Name: Paul Roe (Thames Gargler)
Occupation: Head of resource management team
Sporting background: Played football for 10 years, regular runner, completed two sprint triathlons
Goal: To feel comfortable in open water
Get involved on Paul's forum thread.
The overall experience was really enjoyable. I didn't have a fixed time in mind, but if I'd been offered one below 2:40 I would have definitely taken it, so I'm happy with that.
I thought I would be nervous, but I wasn't; it comes from having done various things in preparation and training, such as the open- water swim sessions and the sprint triathlons.
The first 200m of the swim were grisly. I always expect them to be, in terms of arms and legs all over the place and finding somewhere to swim calmly. You also have to remember not to go off too hard.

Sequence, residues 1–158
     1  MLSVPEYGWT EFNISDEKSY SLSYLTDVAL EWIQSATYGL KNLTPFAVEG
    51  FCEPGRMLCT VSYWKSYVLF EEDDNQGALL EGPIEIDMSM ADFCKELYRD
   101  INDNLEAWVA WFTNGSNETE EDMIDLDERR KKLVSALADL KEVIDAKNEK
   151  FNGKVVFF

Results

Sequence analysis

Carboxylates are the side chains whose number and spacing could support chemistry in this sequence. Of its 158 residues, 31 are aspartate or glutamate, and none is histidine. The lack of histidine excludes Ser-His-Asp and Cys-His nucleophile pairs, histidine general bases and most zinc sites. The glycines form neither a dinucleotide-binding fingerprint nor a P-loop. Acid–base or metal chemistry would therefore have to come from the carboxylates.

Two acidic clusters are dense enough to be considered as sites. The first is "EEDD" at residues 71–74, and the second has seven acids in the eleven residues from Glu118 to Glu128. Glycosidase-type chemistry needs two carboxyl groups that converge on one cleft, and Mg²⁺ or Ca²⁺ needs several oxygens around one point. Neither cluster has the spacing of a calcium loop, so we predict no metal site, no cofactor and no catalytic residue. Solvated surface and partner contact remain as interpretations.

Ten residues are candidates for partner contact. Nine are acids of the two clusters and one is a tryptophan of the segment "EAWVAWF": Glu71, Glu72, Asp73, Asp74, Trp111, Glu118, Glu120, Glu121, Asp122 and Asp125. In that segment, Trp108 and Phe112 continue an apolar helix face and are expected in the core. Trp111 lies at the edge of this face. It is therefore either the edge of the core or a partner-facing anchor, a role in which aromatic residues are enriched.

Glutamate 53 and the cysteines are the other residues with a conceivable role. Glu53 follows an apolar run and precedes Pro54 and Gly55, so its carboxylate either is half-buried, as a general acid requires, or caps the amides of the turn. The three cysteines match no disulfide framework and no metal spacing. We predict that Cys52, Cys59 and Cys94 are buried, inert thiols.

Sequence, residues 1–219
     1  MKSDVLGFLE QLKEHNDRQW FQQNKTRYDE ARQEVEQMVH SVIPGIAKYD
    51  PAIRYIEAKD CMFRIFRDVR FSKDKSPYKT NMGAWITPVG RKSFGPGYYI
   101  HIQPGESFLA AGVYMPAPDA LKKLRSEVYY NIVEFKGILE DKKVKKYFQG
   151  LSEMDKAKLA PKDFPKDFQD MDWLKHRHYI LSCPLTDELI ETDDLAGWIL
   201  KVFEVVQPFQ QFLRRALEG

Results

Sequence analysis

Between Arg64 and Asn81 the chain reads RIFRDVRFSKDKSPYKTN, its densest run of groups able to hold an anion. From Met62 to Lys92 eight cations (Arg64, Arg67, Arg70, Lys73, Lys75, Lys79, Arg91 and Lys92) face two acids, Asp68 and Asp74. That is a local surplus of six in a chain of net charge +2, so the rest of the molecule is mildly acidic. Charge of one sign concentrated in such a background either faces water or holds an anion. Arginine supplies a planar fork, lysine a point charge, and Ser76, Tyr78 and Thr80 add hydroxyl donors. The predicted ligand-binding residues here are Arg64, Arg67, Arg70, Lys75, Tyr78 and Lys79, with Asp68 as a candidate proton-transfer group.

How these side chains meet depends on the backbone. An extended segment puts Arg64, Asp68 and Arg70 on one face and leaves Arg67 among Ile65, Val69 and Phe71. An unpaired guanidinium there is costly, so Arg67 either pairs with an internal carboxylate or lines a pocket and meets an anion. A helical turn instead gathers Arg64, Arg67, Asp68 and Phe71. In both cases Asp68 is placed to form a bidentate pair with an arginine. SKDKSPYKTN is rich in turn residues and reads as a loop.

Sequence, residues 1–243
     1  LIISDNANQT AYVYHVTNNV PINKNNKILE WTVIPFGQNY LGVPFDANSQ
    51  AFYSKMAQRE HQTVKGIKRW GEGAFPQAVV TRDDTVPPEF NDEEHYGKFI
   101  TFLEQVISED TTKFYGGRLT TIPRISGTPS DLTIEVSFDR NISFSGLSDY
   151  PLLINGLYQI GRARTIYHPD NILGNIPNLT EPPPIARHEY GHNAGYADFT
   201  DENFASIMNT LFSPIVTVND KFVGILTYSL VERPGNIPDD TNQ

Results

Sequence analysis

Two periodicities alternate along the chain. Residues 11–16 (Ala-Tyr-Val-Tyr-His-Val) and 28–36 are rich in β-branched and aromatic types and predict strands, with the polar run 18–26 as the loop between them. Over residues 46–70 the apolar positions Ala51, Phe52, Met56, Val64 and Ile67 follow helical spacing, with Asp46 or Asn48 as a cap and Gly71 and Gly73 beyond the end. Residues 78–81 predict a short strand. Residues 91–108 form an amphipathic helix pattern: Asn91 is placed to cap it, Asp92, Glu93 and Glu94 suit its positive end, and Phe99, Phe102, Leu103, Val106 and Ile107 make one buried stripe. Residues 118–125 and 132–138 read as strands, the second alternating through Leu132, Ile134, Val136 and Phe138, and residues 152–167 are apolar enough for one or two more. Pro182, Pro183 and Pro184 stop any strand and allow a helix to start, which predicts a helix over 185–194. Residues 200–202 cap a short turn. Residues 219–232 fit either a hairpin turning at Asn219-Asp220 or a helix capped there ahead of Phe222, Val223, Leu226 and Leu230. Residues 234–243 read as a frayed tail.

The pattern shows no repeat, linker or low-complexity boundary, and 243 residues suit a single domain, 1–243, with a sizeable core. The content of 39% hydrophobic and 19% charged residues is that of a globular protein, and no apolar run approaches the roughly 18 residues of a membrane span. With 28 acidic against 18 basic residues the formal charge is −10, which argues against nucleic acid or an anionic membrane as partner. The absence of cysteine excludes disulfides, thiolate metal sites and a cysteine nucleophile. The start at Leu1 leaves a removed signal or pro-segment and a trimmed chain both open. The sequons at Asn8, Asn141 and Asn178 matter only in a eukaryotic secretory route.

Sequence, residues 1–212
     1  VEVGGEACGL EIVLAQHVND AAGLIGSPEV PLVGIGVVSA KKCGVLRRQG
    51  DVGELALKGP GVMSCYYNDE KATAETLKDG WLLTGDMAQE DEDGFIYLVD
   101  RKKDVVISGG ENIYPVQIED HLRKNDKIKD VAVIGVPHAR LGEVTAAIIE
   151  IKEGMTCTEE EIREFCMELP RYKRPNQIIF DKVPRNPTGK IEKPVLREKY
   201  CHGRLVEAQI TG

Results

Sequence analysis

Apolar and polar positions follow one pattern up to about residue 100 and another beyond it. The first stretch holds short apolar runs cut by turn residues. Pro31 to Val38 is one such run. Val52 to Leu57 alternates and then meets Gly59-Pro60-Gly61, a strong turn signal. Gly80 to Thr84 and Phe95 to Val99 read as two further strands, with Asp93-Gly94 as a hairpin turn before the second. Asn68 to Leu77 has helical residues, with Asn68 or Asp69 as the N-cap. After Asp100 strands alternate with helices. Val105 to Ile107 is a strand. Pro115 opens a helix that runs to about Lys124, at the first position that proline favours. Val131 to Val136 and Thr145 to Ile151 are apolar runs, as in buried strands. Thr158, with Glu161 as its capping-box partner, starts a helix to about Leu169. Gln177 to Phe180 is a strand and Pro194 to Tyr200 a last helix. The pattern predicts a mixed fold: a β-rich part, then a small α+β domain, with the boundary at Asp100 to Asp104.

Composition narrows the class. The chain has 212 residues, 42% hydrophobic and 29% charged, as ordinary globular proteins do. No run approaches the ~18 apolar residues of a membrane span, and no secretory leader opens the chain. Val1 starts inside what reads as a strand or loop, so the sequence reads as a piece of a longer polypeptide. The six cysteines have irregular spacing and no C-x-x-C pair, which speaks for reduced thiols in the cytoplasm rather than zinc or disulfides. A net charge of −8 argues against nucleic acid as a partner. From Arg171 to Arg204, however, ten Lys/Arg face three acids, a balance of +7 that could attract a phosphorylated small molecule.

But the swim - bearing in mind it was the thing I was dreading - was fine. Even things like getting out of my wetsuit were an absolute doddle. It's strange: I envisaged all sorts of horrendous scenarios, but it was fine.
The bike ride was the highlight for me. It was nice to ride on roads that were closed to traffic. The route took us into central London and that was quite pleasant. Also, I'd actually tapered properly, so I was cycling with fresh legs for the first time ever. I was really pleased with the bike leg because judging from my training I had imagined that it would be my poorest discipline.
Then, within the first couple of minutes of the run, my hamstring seized up and I actually had to stop for a minute, stretch it out, then start again very gingerly, taking small strides. It dawned on me: I'd spent a lot of time worrying about the swimming and cycling, but it was the running, which I'd taken for granted, that caused the problem.
When the cramp kicked in, just being able to complete the race seemed like a big ask. It eventually cleared up and I did my final lap at the kind of pace I'd hoped to run throughout.